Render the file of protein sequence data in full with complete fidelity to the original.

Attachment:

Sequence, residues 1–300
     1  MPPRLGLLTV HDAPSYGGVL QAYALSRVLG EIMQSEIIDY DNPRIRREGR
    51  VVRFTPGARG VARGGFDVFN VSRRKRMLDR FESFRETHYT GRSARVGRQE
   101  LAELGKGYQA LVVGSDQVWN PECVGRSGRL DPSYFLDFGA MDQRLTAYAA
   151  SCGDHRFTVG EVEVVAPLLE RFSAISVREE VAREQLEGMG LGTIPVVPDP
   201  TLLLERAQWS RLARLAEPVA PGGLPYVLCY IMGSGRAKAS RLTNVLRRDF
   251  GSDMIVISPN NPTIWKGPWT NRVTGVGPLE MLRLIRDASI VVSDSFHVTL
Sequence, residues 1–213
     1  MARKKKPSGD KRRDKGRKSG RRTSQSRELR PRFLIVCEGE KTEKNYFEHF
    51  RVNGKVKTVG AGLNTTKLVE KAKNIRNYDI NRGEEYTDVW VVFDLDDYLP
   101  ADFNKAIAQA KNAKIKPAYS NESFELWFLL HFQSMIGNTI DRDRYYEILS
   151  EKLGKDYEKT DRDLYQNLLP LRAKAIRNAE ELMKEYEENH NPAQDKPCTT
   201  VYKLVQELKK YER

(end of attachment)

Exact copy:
Sequence, residues 1–300
     1  MPPRLGLLTV HDAPSYGGVL QAYALSRVLG EIMQSEIIDY DNPRIRREGR
    51  VVRFTPGARG VARGGFDVFN VSRRKRMLDR FESFRETHYT GRSARVGRQE
   101  LAELGKGYQA LVVGSDQVWN PECVGRSGRL DPSYFLDFGA MDQRLTAYAA
   151  SCGDHRFTVG EVEVVAPLLE RFSAISVREE VAREQLEGMG LGTIPVVPDP
   201  TLLLERAQWS RLARLAEPVA PGGLPYVLCY IMGSGRAKAS RLTNVLRRDF
   251  GSDMIVISPN NPTIWKGPWT NRVTGVGPLE MLRLIRDASI VVSDSFHVTL
Sequence, residues 1–213
     1  MARKKKPSGD KRRDKGRKSG RRTSQSRELR PRFLIVCEGE KTEKNYFEHF
    51  RVNGKVKTVG AGLNTTKLVE KAKNIRNYDI NRGEEYTDVW VVFDLDDYLP
   101  ADFNKAIAQA KNAKIKPAYS NESFELWFLL HFQSMIGNTI DRDRYYEILS
   151  EKLGKDYEKT DRDLYQNLLP LRAKAIRNAE ELMKEYEENH NPAQDKPCTT
   201  VYKLVQELKK YER